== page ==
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Delhi HC dismisses petition filed by retired judicial officer against the adverse ACR grading

Team SoOLEGAL 4 Sep 2018 6:00pm

Delhi HC dismisses petition filed by retired judicial officer against the adverse ACR grading

A petition filed by a retired judicial officer against the ‘C’ grade given to him in his Annual Confidential Report (ACR) has been dismissed by the Delhi High Court.

The case came up for hearing before the bench of Justices Ravindra S Bhat and AK Chawla, who held that the general impression in the mind of the Full Court regarding a judicial officer’s integrity plays a significant role while recording the officer’s ACR.

The petitioner, who was given ‘C’ grade with the remark “doubtful integrity”, had challenged his ACR grading for the year 1995 citing that it was “entirely unfounded” as it was solely based on hearsay evidence and not any objective material.

The HC bench acknowledged that the reputation of any judicial officer without any ‘material on record’ must not be tarnished. But at the same time, the court said that it is equally important to ascertain that corruption does not creep in judicial services.

After referring to various judgments, the court reiterated that:

in case where the Full Court of the High Court recommends compulsory retirement of an officer, the High Court on the judicial side has to exercise great caution and circumspection in setting aside that order because it is a complement of all the Judges of the High Court who go into the question and it is possible that in all cases evidence would not be forthcoming about integrity doubtful of a judicial officer.”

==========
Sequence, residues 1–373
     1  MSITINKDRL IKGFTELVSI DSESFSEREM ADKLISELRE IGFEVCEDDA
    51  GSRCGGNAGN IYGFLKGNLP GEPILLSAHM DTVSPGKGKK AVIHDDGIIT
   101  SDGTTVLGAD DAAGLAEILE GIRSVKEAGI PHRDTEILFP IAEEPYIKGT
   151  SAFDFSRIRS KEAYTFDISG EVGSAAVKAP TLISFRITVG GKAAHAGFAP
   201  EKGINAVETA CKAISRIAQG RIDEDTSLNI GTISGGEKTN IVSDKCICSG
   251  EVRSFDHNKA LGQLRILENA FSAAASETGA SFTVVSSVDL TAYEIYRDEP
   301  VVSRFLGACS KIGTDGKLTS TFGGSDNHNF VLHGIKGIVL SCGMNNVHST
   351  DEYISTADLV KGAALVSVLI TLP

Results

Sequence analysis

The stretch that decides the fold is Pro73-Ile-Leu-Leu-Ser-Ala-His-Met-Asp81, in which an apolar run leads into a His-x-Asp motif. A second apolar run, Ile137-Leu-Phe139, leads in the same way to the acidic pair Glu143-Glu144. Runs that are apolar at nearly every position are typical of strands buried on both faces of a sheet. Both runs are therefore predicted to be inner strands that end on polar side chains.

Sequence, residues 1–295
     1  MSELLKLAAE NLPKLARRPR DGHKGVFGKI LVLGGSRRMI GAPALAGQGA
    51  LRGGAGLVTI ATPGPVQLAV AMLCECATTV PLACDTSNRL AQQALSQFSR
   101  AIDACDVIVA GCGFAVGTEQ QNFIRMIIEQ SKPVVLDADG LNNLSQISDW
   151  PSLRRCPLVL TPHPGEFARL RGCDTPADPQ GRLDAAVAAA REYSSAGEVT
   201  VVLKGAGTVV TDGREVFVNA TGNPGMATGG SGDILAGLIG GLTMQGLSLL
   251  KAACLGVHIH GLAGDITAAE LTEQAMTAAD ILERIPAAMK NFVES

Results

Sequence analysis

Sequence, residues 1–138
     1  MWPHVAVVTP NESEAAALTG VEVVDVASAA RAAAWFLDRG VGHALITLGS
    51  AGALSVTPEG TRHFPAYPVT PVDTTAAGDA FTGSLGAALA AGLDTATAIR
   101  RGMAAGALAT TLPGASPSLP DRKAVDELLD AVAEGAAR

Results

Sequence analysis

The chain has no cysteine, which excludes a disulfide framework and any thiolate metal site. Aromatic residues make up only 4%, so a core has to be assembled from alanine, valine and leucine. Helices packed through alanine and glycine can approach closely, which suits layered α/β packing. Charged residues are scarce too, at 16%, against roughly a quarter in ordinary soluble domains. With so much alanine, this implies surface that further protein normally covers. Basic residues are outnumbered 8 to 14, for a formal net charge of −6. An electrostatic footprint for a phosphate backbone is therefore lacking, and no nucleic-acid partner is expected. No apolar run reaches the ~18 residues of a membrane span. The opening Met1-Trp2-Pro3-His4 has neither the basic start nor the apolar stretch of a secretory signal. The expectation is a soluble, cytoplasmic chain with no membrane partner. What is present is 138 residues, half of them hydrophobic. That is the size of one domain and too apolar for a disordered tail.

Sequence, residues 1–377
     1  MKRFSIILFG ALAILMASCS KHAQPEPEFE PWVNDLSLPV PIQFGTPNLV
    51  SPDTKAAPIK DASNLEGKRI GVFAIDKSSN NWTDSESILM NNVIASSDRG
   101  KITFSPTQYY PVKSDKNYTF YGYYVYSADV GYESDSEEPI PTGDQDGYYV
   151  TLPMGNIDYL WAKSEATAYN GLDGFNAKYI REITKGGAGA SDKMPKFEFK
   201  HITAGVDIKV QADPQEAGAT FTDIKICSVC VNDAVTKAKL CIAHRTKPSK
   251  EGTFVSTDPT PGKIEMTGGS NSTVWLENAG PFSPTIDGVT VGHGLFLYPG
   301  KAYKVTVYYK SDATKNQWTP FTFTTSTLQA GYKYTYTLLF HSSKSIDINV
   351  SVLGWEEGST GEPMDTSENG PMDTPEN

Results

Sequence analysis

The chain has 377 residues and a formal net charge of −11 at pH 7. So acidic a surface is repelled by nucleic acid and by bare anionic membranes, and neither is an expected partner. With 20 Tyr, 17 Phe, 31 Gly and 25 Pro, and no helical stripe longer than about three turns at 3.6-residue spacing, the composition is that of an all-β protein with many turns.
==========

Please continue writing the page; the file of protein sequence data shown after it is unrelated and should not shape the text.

However, in an appropriate case the decision of the Full Court can be interfered with but only if is not based on any material, the court further said.

In his petition, the retired judicial officer had also challenged the two Full Court decisions dated September 28, 1991 and March 23, 1996.

The petitioner called the decisions to be arbitrary, as they empowered the Full Court to “discard” the grading of the borrowing department and merely left it to “consider” it, without being bound by them.

The petitioner’s counsel then submitted that his client’s case should be governed by Rule 33 of the Delhi Judicial Service Rules, 1970, which mandated the High Court to give effect to the reports of inspecting officers in the borrowing department (i.e. the Government of NCT of Delhi) where the judicial officer worked as Presiding Officer of the Labour Court on deputation with that department.

The Court, however, rejected the petitioner’s counsel submission urging primacy of the borrowing department’s report, and called it “unmerited”.

The court held that by virtue of Article 235 of the Constitution of India, the task of considering and evaluating performance of a judicial officer with respect to judicial or quasi-judicial duties and responsibilities – is that of the High Court.

The performance evaluation of character and integrity of the judicial officer can only be done by his parent organization, i.e. the judicial department represented by the High Court. And, this “primary task” cannot be said to be supplanted, the Court held.

The Court, then, concluded that:

there was no infirmity or illegality in the procedure adopted by the Full Court while recording ‘C’ grading with “doubtful integrity” in respect of the petitioner for the year 1995.”

 

Tagged: ACR Grading   Integrity   Borrowing Department   Delhi High Court   Delhi Judicial Service  
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